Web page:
But there was misery in some spots in Virginia.

At Robert Frost Middle School in Fairfax County, the intense heat and a broken air-conditioner compressor combined to create what Principal Leslie Kent called "Dante's Inferno."

About half the facility was without air conditioning, and classroom temperatures soared into the mid-90s. Students were moved to the air-conditioned cafeteria and library, and some classes reassembled outside in hopes of catching a slight breeze.

"I was watching the kids get on the bus," Kent said. "They were worn down. So was the staff."

There were also problems with water.

Water pressure declined to little more than a drip in parts of Northeast Washington, near the Anacostia River.

Herman Greene, 82, who lives in 4200 block of Marne Place NE, said his water service had been sporadic since Sunday, and the flow dropped even more as the heat climbed.

"I could not take a shower; I could not wash dishes. You turn on the faucet, it is just drip, drip, drip," Greene said. "Why are people not on top of this?"

All water flow stopped at one house on Jay Street, about 10 blocks away, for several hours on Monday. It remained low yesterday. "It is the hottest day of the year and at 1 o'clock in the afternoon, the water just goes off with no warning," said Angella Barnes, 44, who has been staying with her mother in the 5100 block of Jay Street NE this week.

Libby Lawson, a spokeswoman for the D.C. Water and Sewer Authority, said the problem in that area, north of Benning Road, had been caused by a closed valve and had been corrected by late last night.

Lawson said two other sections had reported low pressure and, in some instances, no water service at all. She said the area around Bowen Road and Texas Avenue SE was affected by a break in a 12-inch-diameter water main. And repairs had affected service in the area around the 1200 block of Valley Avenue SE, including Barnaby Terrace. She said those problems also had been corrected by late last night.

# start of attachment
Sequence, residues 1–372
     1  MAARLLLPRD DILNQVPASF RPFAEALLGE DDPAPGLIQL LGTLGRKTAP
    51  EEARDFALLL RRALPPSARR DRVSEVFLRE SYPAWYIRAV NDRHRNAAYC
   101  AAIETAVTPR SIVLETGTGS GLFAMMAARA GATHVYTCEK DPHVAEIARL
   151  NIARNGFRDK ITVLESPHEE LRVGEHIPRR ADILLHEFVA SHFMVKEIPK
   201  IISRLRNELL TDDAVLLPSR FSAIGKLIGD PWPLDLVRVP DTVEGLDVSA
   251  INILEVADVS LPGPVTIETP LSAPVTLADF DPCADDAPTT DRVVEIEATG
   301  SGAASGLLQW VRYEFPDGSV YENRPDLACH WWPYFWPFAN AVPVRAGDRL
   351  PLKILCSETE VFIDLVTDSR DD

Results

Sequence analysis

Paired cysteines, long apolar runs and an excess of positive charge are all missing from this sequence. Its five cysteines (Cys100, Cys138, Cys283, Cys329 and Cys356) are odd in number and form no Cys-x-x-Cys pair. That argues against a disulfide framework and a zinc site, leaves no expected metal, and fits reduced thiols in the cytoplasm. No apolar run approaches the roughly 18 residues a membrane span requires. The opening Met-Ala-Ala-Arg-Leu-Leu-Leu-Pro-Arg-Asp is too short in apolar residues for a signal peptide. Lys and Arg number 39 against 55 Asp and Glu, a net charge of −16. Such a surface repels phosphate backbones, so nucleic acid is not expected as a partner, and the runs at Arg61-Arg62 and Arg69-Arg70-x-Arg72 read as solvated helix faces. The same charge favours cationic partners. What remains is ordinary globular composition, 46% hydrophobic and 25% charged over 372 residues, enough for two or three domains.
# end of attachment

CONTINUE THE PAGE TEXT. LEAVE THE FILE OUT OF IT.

Yesterday, the Loudoun County Sanitation Authority imposed voluntary restrictions on water use for its 30,000 customers. That means no lawn watering, car washing or filling of swimming pools, said general manager Dale Hammes.

Staff writers Eric Lipton, Brigid Schulte, Eric L. Wee, Martin Weil and Debbi Wilgoren contributed to this report.

Keeping Cool in the District

The District government opened five cooling centers yesterday, which will remain open until the heat wave abates. Below is a listing of these and other cooling places to which residents can go.

Cooling Centers

One Judiciary Square

441 4th Street, NW

Frank D. Reeves Center

2000 14th Street, NW

King Office Building

3720 Martin Luther King Avenue, SE

Richard England Boys and Girls Club

4103 Benning Road, NE

Department of Human Services facility

25 M Street, SW

Emergency Homeless Facilities

Mt. Vernon Trailer (Women)

New York Aveune & 7th Street, NW

Martin Luther King, Jr. Trailer (Men)

2700 Martin Luther King, Jr. Avenue, SE

Emery Trailer (Men)

17250 Lincoln Road, NE

Randall Shelter (Men)

First & I Street, SW

LaCasa Trailer (Men)

1436 Irving Street, NW

Home of Ruth/Madison facility (Women)

651 10th Street, NW

Crummell Trailer (Men)

1912 Gallauder Street, NW

Outreach/Drop-in Centers

CCH/Friendship Place

4713 Wisconsin Avenue, NW

Georgetown Ministries

1041 Wisconsin Avenue, NW

Rachael's Women Center

1222 11th Street, NW

Public Housing Senior Citizens

Arthur Capper

601 L Street, SE

Capitol View

5901 East Capitol Street

Carroll Apartments

410 M Street, SE

Claridge Towers

1221 M Street, NW

Fort Lincoln

2855 Bladensburg Road, NE


2301 11th Street, NW

Harvard Towers

1845 Harvard Street, NW

Horizon House

1150 12th Street, NW

James Apartments

1425 N Street, NW

Knox Hill

2700 Jasper Street, SE


234 W Street, NW

Sibley Plaza

1140 North Capitol Street, NW

Regency House

5201 Connecticut Avenue, NW

SOURCE: District of Columbia Emergency Management Agency

CAPTION: D.C. workers Lorraine Westfield, front, and Eric Sheffey spent yesterday in a pool. Unfortunately, they weren't swimming. They were painting.

CAPTION: Debra Joseph, 27, of Bowie, cools off in the falls at the Franklin D. Roosevelt Memorial. Temperatures approached 100 degrees; today could be slightly cooler.